"What's happening?" Matrix asked as Turbo pressed his palm to the pad beside his cell. The barred door lifted.

"Daemon wants to see you. Now." Turbo answered. "I can't put her off. With the Guardians searching for Hexadecimal in the system-" He raised his left arm. "Copland, show all active Guardian PIDs in this system." When it displayed the results Turbo nodded, relieved. "We won't have many of them to deal with."

"That's a relief," Bob said.

Turbo nodded agreement as he opened Mouse and AndrAIa's cell. He did not relish the idea of battling his former colleagues any more than Bob did. "However, we'll have whatever Daemon throws at us. That ought to be enough."

"More than enough." Bob said.

"So, what's the plan?" Mouse asked.

Turbo glanced at Bob and said "Unwritten Protocol #1."

"What's that?" Ray asked.

"Do your best with what you have," Bob translated.

"I don't have much time. Daemon expects us in short order," Turbo said in a low, urgent voice. "Bob's got you through a lot. Follow his lead. Don't follow mine. Daemon could take control of me." Matrix and Bob both started to protest. Turbo held up a hand to silence them. "She could. She doesn't know I'm not her slave now. If she realizes that, she'll either try to control me or kill me. I couldn't resist if she turned her full attention on me. And if that happens, I am the enemy. Treat me accordingly."

"You've resisted this far," Matrix said.

Turbo shook his head. "She had me before. You have no idea what being infected is like. Think about this - what if, instead of being loyal to the Net, to the Guardian collective, to everyone you know and hold dear - you wanted with all your heart for Daemon to take control of everything and everyone. You'd do whatever it takes to do it. You'd delete your closest friends, you'd devise plans to ferret out free systems for her, never mind what happened to them or their inhabitants. That nothing mattered but to help the Virus conquer. That you'd be proud to do it!"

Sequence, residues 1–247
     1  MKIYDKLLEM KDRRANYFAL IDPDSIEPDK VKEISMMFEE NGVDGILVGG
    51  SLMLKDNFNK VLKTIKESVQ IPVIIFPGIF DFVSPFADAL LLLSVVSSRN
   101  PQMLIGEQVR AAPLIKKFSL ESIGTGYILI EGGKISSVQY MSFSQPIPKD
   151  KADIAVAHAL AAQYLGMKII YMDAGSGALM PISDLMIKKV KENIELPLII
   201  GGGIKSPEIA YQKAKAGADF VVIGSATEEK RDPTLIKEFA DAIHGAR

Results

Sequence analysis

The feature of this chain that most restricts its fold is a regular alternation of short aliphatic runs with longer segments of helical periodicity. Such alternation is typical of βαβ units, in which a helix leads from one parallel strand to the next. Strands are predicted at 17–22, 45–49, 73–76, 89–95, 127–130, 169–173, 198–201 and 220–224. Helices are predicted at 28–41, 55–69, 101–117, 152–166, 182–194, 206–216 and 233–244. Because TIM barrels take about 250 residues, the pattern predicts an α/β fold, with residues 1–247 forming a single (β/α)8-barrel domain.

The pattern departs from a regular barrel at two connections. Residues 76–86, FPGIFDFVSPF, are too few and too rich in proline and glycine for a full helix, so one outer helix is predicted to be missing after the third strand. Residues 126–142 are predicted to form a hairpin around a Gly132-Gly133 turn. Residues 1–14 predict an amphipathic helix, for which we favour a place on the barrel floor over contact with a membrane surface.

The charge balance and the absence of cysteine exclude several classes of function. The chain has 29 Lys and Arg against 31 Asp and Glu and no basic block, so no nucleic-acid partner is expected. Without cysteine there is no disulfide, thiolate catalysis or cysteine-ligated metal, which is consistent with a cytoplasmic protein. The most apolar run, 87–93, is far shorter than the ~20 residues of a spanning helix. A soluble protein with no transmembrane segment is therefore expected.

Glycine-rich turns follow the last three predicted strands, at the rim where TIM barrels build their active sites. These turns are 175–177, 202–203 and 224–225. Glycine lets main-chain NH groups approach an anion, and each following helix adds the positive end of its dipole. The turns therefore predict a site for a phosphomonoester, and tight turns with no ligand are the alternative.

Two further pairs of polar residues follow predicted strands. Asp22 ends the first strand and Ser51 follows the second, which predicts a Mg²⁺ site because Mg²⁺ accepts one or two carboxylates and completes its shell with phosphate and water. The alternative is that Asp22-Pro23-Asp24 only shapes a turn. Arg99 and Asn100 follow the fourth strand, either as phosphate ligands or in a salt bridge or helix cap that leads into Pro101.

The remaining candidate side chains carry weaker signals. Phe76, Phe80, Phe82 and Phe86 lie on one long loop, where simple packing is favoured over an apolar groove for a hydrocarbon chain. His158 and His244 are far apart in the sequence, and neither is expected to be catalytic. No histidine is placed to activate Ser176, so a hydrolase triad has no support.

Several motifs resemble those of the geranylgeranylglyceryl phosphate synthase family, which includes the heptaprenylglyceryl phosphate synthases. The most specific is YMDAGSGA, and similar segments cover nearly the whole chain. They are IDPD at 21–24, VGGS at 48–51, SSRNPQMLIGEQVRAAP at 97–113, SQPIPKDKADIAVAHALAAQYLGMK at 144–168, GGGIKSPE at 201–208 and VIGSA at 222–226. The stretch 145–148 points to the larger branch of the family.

They all stared at Turbo. Turbo met their eyes steadily. "That's exactly what it's like."

"She can do that to a Guardian?" Matrix asked.

Turbo nodded solemnly. "You've seen them yourself. My code could throw off her commands, thank the Programmer, but it couldn't free me from her completely. Her infection's tailored to lock into Guardian code too tightly for that." He closed his eyes. "Bob told me that the Cult of the User got into Mainframe. It's a good thing you got rid of them before they killed you or contacted Daemon's forces. That's what their real mission is - gather as many people as they can into the cult, then use them against the system's Guardians or to contact Daemon and summon attack forces. They must have gotten into Mainframe by game hopping, since Mouse had the system shielded from the Net."

"They were sent by Daemon?" Bob said softly.

Turbo's voice was strained. "I designed the cult myself to search and retrieve the last holdouts. To bring them under Daemon's control. I had hoped they would flush you out. If I'd had Mainframe's address, I would have led the attack force myself. But I had altered it in the Supercomputer's records and stored it in Copland before she got to me, so I couldn't use it if I went viral." His voice held steady, but pain was in his eyes. "If Daemon takes me over, Copland won't obey me." He looked down at the gold keytool. "Either he'll leave me or refuse my commands. Daemon can't infect keytools, and the ones that wouldn't follow her left their owners. Some Guardians still have them, but not many." He looked up at the group again. "I'd rather be deleted than serve Daemon again. If you see me without Copland, or see him refuse to obey my commands, then I am the enemy and to be treated as such. That's an order," he said firmly, looking at Bob.